The Marshall Major was a 200-watt head made for Ritchie Blackmore, and he’s still got the same one. The amp, being 200 watts, overheated a lot because in those days the tubes didn’t last very long. The original Majors used EL34s. Then we changed the tubes in Ritchie’s amp to KT66s. Customers had a choice to order the amp with either EL34s or KT66s. We made very few of them.

How did you meet Jimi Hendrix?
I used to teach Mitch Mitchell, and he brought Jimi in to see me. So here was this lanky American saying, I’m going to be the greatest, man.’ I thought, here’s another American who wanted something for nothing. But, as if he read my mind, he said that he didn’t want anything given to him. He wanted to pay full price, but what he did want was service anywhere in the world. I thought that was a tall order at the time, because we weren’t that big yet, but I said we would do it. Even if I had to have flown a technician out to wherever he was, I would’ve done so, because he was such a nice guy.

How much input did Hendrix have on the development of the Marshall amp?
None at all. He just bought standard models and he used to loop them together to get more power, and that’s all. He never asked for a thing. He was just happy that he got what he had and the sound that he wanted.

Did both Townshend and Hendrix require a lot of maintenance to their amps?
Pete never broke any one of his amps or the speakers, just the speaker cloth. He used to tear those with his guitars. That was it, and we used to replace them. Jimi Hendrix never smashed anything, really. He just tore the speaker cloth. But Jimi was away from England a lot and rarely got his speaker cloth replaced.

How did the relationship between Slash and Marshall begin, leading to Marshall’s first-ever signature model?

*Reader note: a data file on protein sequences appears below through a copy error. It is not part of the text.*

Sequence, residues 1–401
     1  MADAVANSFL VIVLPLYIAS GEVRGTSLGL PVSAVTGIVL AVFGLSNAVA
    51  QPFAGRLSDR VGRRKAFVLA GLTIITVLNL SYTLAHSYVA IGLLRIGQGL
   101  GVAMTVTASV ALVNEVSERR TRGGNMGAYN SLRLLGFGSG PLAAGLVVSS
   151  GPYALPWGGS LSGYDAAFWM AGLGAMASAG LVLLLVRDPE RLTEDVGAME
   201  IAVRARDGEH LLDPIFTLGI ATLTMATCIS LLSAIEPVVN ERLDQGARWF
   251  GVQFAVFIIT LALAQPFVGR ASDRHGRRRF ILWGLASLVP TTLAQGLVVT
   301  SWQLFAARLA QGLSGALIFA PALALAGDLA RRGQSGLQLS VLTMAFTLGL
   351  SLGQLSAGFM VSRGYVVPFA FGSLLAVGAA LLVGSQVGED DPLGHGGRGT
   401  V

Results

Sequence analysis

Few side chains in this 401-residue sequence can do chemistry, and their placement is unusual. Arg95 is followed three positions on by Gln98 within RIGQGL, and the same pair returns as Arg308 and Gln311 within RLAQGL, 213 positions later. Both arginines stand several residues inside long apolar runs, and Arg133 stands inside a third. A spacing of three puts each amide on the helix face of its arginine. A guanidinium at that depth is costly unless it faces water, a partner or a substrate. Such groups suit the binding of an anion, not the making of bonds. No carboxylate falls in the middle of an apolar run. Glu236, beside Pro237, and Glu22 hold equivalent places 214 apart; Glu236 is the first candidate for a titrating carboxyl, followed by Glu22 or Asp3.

We were asked to build Slash 10 new amps for a tour, exactly the same as what he’d been using (a model 2555 Silver Jubilee). After all that time, we’d have to do some research and development to find all the right components to do them all over again, which would be very costly. I said that the only way I could do it would be to produce a limited edition of 3,000. I said that what I will do is let Slash put his signature on the front with mine, which is the first time I’d ever done that.

Were there any changes made to the amp’s original design?
No, they were made exactly the same as his old ones. Slash was afraid of losing his sound.

A few years ago, when the EL34 power tube became scarce, how did that major changeover to using the 5881 affect the Marshall amp’s signature tone?
We had to do that, but we weren’t happy doing it. The amp’s sound was a little cleaner with the 5881s than with the EL34s. That was better for the clean channel, but no so good for the distortion channel. When musicians were able to find the EL34s, they were putting them in themselves, but many forgot that they had to change the bias of the amps as well. So many people were destroying their Marshalls by not changing the bias and also by trying to hotrod them, because if we could have gotten more out of the amplifier we would’ve done it.